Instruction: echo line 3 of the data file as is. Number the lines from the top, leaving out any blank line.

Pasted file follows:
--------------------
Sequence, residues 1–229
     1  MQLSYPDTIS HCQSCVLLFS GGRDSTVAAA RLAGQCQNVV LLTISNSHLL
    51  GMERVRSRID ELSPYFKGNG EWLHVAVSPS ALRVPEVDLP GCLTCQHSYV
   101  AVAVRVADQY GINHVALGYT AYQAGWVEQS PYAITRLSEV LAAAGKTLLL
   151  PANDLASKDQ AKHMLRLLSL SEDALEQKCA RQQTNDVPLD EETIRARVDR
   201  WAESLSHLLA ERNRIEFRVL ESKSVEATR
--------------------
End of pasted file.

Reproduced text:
    51  GMERVRSRID ELSPYFKGNG EWLHVAVSPS ALRVPEVDLP GCLTCQHSYV